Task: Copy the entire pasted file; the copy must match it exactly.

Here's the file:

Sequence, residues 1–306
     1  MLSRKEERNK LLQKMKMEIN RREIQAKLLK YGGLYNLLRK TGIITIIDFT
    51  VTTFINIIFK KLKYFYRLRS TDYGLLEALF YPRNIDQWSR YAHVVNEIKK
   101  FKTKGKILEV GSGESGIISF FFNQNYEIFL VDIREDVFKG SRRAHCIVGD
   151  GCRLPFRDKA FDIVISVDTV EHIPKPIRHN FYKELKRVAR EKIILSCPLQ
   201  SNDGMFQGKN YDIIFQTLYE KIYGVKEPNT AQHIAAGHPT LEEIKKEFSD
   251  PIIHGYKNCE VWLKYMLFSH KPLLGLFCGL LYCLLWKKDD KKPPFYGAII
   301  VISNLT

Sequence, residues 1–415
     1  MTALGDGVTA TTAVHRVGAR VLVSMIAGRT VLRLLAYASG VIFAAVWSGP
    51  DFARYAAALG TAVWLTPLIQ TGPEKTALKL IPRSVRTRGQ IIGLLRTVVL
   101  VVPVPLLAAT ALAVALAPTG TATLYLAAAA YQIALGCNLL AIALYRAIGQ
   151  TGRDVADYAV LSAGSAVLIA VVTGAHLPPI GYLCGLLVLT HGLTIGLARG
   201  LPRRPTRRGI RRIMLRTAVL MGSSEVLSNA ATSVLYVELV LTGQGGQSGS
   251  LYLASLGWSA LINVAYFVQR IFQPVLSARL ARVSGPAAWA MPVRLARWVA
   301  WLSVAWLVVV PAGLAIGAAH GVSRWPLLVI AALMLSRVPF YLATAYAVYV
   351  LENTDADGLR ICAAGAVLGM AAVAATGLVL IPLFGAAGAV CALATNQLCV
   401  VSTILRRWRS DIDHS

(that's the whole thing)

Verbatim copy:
Sequence, residues 1–306
     1  MLSRKEERNK LLQKMKMEIN RREIQAKLLK YGGLYNLLRK TGIITIIDFT
    51  VTTFINIIFK KLKYFYRLRS TDYGLLEALF YPRNIDQWSR YAHVVNEIKK
   101  FKTKGKILEV GSGESGIISF FFNQNYEIFL VDIREDVFKG SRRAHCIVGD
   151  GCRLPFRDKA FDIVISVDTV EHIPKPIRHN FYKELKRVAR EKIILSCPLQ
   201  SNDGMFQGKN YDIIFQTLYE KIYGVKEPNT AQHIAAGHPT LEEIKKEFSD
   251  PIIHGYKNCE VWLKYMLFSH KPLLGLFCGL LYCLLWKKDD KKPPFYGAII
   301  VISNLT

Sequence, residues 1–415
     1  MTALGDGVTA TTAVHRVGAR VLVSMIAGRT VLRLLAYASG VIFAAVWSGP
    51  DFARYAAALG TAVWLTPLIQ TGPEKTALKL IPRSVRTRGQ IIGLLRTVVL
   101  VVPVPLLAAT ALAVALAPTG TATLYLAAAA YQIALGCNLL AIALYRAIGQ
   151  TGRDVADYAV LSAGSAVLIA VVTGAHLPPI GYLCGLLVLT HGLTIGLARG
   201  LPRRPTRRGI RRIMLRTAVL MGSSEVLSNA ATSVLYVELV LTGQGGQSGS
   251  LYLASLGWSA LINVAYFVQR IFQPVLSARL ARVSGPAAWA MPVRLARWVA
   301  WLSVAWLVVV PAGLAIGAAH GVSRWPLLVI AALMLSRVPF YLATAYAVYV
   351  LENTDADGLR ICAAGAVLGM AAVAATGLVL IPLFGAAGAV CALATNQLCV
   401  VSTILRRWRS DIDHS